On motion of Mr. Acklen: Resolved, that the Senate be informed that the House of Representatives is now ready to receive them for the purpose of going into the election of a site for the university, and the east end of the Hall be assigned for their reception; whereupon the Senate having repaired to the Hall of the House of Representatives, and after having taken the seats assigned them Mr. President arose and announced the object of the meeting, when the two Houses proceeded by joint vote, to the selection of a site for the university of the State of Alabama, pursuant to the provisions of an act of the present session.

The University lands near Guges; Greensborough in Greene County; LaGrange in Franklin County; Athens in Limestone County; Montevallo in


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Shelby County; Honeycomb Springs in Jackson County; Sommerville in Morgan County; Moulton in Lawrence County; Davis' in Autauga County; Greenville in Butler County; Tuscaloosa, Elyton &Village Springs being in nomination.  The votes stood thus. - For Gages 4. - Greensborough 6. - Lagrange 4. - Athens 12. - Montevallo 7. - Honeycomb Springs 5. - Sommerville 4. - Moulton 4. - Davis' 22. - Greenville 1. - Tuscaloosa 11: - Elyton 4. - Village Spring none.

Those who voted for locating the University at or near Gage's are, Messrs. Sullivan, of the Senate. Smith of C. Walthal, and Weisinger, of the House of Representatives.

Those who voted for Greensborough are, Mr. Merriwether.  Rep's Anderson, Colgin, Rainey, Richardson, and Ross.

Those who voted for Lagrange are, Mr. Skinner.  Rep's. Kelly, McRae of  Frank. and Sargent.

Those who voted for Athens are, Mr. President. Rep's. Acklen, Bell, Craig, Durrett, Edmondson, Martin, McVay of Laud. Moore of Mad. Robertson, Smith of Mad. and Vining.

Those who voted for Montevallo are, Messrs. Ashe, Shackleford, Rep's. Bradford, Clark, Harris, Lawler, and Massey.

Those who voted for Honeycomb Springs in Jackson County are, Messrs. McCamy, Miller.  Rep's. Moore of J. Price, and Russell.

Those who voted for Sommerville are, messrs. Crabb, Evans.  Rep's. messers. Rather, and Vaughan.

Those who voted for moulton are, messrs. Hubbard, Rep's. Coopwood, Daniel, McVay of Law.

Those who voted for Davis's are, messrs. Abercrombie, Barton, Casey, Irwin.  Rep's. Mr. Speaker, Broadnax, Bridges, Bonnell, Cook, Davis, Dennis, Greening, Higgins, Lewis, McRae of mon. Sharp, Sibley, Tarver, Terry, Walker, Ward, and Wiggins.

Mr. Jones voted for Greenville.

Those who voted for Tuskaloosa are, messrs. Earle, Jackson, Moore, and Powell.  Rep's. messrs. Collier, Conner, Duke, Ellis, Jack, Perkins, &Stone.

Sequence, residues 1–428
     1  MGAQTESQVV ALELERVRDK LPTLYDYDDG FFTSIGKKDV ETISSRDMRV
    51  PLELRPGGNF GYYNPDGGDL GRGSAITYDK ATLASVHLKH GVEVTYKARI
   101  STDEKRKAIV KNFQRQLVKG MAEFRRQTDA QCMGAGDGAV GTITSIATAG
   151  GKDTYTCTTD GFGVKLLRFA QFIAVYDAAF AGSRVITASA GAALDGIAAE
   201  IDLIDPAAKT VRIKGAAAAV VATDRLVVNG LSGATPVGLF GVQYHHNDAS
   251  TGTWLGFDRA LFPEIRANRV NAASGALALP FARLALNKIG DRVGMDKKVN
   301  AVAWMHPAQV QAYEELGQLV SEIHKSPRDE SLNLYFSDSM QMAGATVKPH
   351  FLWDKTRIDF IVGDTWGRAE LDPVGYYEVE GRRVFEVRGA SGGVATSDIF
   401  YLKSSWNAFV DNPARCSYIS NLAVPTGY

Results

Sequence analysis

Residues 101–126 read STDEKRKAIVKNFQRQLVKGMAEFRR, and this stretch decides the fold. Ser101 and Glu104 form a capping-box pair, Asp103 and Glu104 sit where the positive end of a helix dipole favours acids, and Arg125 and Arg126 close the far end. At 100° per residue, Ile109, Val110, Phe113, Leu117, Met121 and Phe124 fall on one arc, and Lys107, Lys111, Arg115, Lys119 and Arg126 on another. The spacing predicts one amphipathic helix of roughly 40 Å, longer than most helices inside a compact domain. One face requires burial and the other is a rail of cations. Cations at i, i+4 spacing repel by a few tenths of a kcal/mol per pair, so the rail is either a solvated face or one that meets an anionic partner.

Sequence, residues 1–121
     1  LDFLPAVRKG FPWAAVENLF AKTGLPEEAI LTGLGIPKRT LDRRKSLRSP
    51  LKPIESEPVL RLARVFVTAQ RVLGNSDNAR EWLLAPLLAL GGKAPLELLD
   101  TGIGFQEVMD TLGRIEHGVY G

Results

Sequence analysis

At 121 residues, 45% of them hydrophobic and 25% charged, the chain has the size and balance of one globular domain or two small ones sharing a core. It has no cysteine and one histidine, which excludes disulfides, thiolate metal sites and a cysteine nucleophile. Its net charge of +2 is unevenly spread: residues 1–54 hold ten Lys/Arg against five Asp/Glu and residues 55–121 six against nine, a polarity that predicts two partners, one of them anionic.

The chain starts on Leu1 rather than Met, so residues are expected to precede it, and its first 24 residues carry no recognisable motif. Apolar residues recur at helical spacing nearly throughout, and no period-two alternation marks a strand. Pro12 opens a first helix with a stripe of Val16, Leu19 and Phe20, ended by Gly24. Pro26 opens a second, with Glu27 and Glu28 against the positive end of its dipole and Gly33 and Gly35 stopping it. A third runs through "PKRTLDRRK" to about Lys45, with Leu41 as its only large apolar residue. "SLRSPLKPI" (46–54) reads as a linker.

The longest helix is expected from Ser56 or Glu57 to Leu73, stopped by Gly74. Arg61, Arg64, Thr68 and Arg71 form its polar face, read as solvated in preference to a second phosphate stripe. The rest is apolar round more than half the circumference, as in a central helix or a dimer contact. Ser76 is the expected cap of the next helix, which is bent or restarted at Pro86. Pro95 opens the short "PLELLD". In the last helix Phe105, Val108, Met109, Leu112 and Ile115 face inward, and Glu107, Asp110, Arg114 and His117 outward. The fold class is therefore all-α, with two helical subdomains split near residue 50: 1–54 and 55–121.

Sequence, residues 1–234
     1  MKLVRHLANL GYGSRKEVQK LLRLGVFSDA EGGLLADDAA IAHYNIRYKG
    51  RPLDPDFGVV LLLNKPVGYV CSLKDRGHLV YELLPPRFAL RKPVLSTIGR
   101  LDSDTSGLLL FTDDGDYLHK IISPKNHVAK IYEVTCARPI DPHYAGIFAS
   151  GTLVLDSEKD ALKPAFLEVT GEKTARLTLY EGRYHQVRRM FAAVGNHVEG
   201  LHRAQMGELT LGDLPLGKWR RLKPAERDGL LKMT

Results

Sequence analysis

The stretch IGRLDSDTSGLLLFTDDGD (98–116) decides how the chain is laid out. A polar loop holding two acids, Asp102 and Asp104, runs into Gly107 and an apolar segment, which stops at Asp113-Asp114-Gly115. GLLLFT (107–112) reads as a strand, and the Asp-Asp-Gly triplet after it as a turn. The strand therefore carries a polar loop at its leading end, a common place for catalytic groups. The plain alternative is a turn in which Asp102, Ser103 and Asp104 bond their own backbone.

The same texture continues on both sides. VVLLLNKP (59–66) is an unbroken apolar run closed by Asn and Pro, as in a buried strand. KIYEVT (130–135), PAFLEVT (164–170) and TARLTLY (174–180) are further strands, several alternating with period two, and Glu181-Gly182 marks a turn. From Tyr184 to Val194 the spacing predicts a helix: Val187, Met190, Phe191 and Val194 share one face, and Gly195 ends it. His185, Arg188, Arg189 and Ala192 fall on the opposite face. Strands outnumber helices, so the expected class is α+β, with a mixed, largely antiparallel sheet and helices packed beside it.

Those who voted for Elyton are, messrs.  Brown. Rep's. Brown, Forrest, and Paulding.

Neither of the places in nomination having received a majority of the whole number of votes the two Houses proceeded to vote a second time for a site for the location of the University.  The vote stood thus. - For Gages 4. - Greensborough 5. - Lagrange 7. - Athens 15. - Montevallo 7. Honeycomb Springs 2. - Sommerville 3. - Davis' 24. - Tuskaloosa 12. - Elyton 4. - Village Springs 1. -

Those who voted for Gage's are, Messrs. Sullivan, Rep's. Smith of C. Walthal, and Weisinger.

Those who voted for Greensborough are, Messrs. Merriwether. Rep's. Anderson, Colgin, Rainey, and Richardson.

Those who voted for Lagrange are, Messrs. Skinner. Rep's. Coopwood, Craig, Daniel, McVay of Law. McRae of Frank. Sargent.

Those who voted for Athens are Mr. President, Miller, Hubbard. Rep's. Acklen, Bell, Durrett, Edmondson, Kelly, Martin, McVay of Laud. Moore of mad. Robertson, Russell, Smith of mad. Vining.

Those who voted for Montevallo are, Messrs. Shackleford, Ashe. Rep's. Bradford, Clark, Harris, Lawler, Massey.

Those who voted for Honeycomb Springs are, Messrs. McCamy, and Moore of Jack.

Those who voted for Sommerville are, Mr. Crabb. Rep's. Messrs. Rather and Vaughan.

Those who voted for Davis' are, Messrs. Abercrombie, Barton, Casey, Evans, Irwin, Jones. Rep's. Mr. Speaker, Broadnax, Bridges, Bonnell, Cook,


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Davis, Dennis, Greening, Higgins, Lewis, McRae of mon. Sharp, Sibley, Tarver, Terry, Walker, Ward, and Wiggins.

Those who voted for Tuskaloosa are, Messrs. Earle, Jackson, Moore, Powell. Rep's. Collier, Conner, Duke, Ellis, Jack, Perkins, Ross, Stone.

Those who voted for Elyton are, Messrs. Brown. Rep's. Brown, Forrest, and Paulding.

Mr. Price voted for Village Springs.

Neither of the places in nomination having received a majority of the whole number of votes the two Houses proceeded to vote a third time for a site for the location of the University Greensborough being withdrawn.  The votes stood thus-Gages 4.-Lagrange 9. -Athens 17.-Montevallo 8.- Davis' 24.-Elyton 5.-Tuskaloosa17.

Those who voted for Gages are, Mr. Sullivan. Rep's. Smith of C. Walthal, and Weisinger.

Those who voted for Lagrange are, Messrs. Crabb, Hubbard, Skinner, Rep's. Coopwood, Daniel, McRae of F. McVay of Laud. Rather, Sargent.